STD (Stuff to Do)—April 11, 2008

By Ben Rossi

Friday/April 11

Tour the artists’ enclave of East Pilsen tonight when studios and galleries open their doors for public receptions and new art showings as part of Chicago Arts District 2nd Fridays. Just walking around this funky neighborhood with its historic architecture and beautiful courtyard gardens on a spring night is worth it. (Information booth at 1821 South Halsted Street, 6–10 p.m., free)

After a blockbuster run on Broadway, The Drowsy Chaperone has finally made its way to Chicago. It’s a quirky little musical-within-a-show about a lonely cardigan-clad New Yorker who plays the vinyl recording of an obscure 1920s revue called The Drowsy Chaperone, which magically comes to life in his living room. The inventive framing device allows us to enjoy what ensues, both on the level of irony and genuine appreciation for the magic of musicals in general. (151 West Randolph Street, 8 p.m., $25–75)

Saturday/April 12

Bringing together vinyl vendors from across the Midwest, the Chicago Independent Radio Project Record Fair, now in its sixth year, is a great opportunity to find rare and used records, as well as DVDs, CDs, and even eight-tracks at bargain prices. The ticket is rounded out with live entertainment, food, and drinks. Part of the proceeds will go toward establishing a new community radio station in Chicago. (Pulaski Park Field House, 1419 West Blackhawk Street, 10 a.m.–6 p.m., $7)

Swing like it’s 1935 at Dance Weekend, an event hosted by Folk Arts Community and Student Government, featuring two days of swing and contra (line) dancing, jamming, and workshops. Nightingale, a folk group, will provide musical accompaniment for the rhythmic gesticulations. (Various campus locations, 7 a.m.–10 p.m., free, check website at for more info)

A Navy pilot comes home from war to discover his wife’s been sleeping under strange sheets. Next thing he knows, she turns up dead with a bullet from his gun. Framed for her murder, he must find some way to redeem himself in George Marshall’s 1946 film The Blue Dahlia, screening today and tomorrow as part of the Music Box’s Matinee Series. (3733 North Southport Avenue, 11:30 a.m., $9.25)

Sunday/April 13

In one of the more disturbing artworks/social experiments I’ve seen this year, Amber Hawk Swanson brought a silicone replica of herself named “Amber” to social events and then took photographs of actual men molesting the dummy with a hidden camera. Both grotesque and thought-provoking, this comment on the feminine splitting of the self is among the stronger pieces at Medicine Park’s multi-media show Henbane: Dialectics of the Feminine Sublime, continuing through April 21. (2659 West Chicago Avenue, noon–6 p.m., free)

Before this fascinating exhibit closes down, take the bus to the Spertus Institute to see The New Authentics: Artists of the Post-Jewish Generation. In this show, mostly Jewish-American artists address themes of tradition, family, culture, and religion as they try to assert an autonomous identity without forgetting their roots. (610 South Michigan Avenue, 10 a.m.–6 p.m., $5)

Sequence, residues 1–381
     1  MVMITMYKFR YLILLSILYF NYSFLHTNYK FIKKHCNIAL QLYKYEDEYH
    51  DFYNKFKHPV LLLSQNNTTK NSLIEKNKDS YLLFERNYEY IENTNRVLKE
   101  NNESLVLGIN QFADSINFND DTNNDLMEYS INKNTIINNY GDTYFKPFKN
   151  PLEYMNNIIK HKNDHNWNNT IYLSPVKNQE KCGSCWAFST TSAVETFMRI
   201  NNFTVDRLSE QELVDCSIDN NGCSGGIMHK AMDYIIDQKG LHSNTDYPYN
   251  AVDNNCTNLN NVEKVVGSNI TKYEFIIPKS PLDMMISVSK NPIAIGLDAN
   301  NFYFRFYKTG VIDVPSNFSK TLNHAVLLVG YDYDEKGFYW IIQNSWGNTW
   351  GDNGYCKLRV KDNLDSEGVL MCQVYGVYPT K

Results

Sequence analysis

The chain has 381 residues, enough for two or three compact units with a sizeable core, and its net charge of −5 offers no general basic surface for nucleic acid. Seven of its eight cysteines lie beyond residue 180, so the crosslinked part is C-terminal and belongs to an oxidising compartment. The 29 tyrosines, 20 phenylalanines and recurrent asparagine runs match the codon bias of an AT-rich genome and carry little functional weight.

Redmoon Theatre’s new show, Boneyard Prayer, tells the simple story of an alcoholic rake who rues his life’s blunders in a Depression-era cemetery. An ensemble of mud-speckled puppets, original music, and stellar visuals infuse the work with an idiosyncratic poignancy that brings to mind T.S. Eliot, Steinbeck’s Cannery Row, and William Kennedy’s Ironweed. (1463 West Hubbard Street, 3 p.m., $15)

Monday/April 14

Allá draws on a wide range of musical genres including Motown and Mexican ballads to produce an entrancing sound that overcomes the limits of rock ’n’ roll. The group’s newest album rolls into stores June 10, but while you wait, you should see them at the Empty Bottle, flanked by top Chicago avant-rock bands. (1035 North Western Avenue, 9 p.m., free, 21+)

As part of Chicago Public Library’s spring One Book, One Chicago event, which chose Raymond Chandler’s The Long Goodbye as this year’s feature novel, Judith Friedman will read from her book The Long Embrace at the Harold Washington Library tonight. Friedman’s book is about Chandler’s relationship with his wife, Cissy. If you can, catch Robert Altman’s film version of The Long Goodbye starring Elliot Gould—good stuff. (400 South State Street, 6 p.m., free)

Tuesday/April 15

The World Beyond the Headlines series, co-sponsored by the Center for International Studies, presents Michael Levine discussing his new book, The Next Great Clash. Levine envisions a new world order in which a Chinese-Russian axis threatens American hegemony—the war on terror being only a minor distraction. (International House, 6 p.m.–7:30 p.m., free)

Wednesday/April 16

Campus activists should head over to the Global Activism Expo tonight, featuring guests from the Global Activism series on Chicago Public Radio’s Worldview as well as representatives of over 80 local and national political organizations. (5917 North Broadway, 6 p.m., $10)

The Gene Siskel Film Center screens John Ford’s classic The Man Who Shot Liberty Valance tonight. Jimmy Stewart plays a settler, John Wayne a cowboy, and Lee Marvin an all-purpose baddie, in this story about the fading glory of the West. (164 North State Street, 6 p.m., $7 for students)

Thursday/April 17

Come see The Lottery at Improv Olympics Cabaret, where seasoned improvisers perform with green recruits and then cede the stage to members of iO’s acclaimed Harold team. The name of the show comes from the method of determining the ticket price—a random drawing at the end of the evening. Do you feel lucky? (3541 North Clark Street, 10:30 p.m., $1–$4)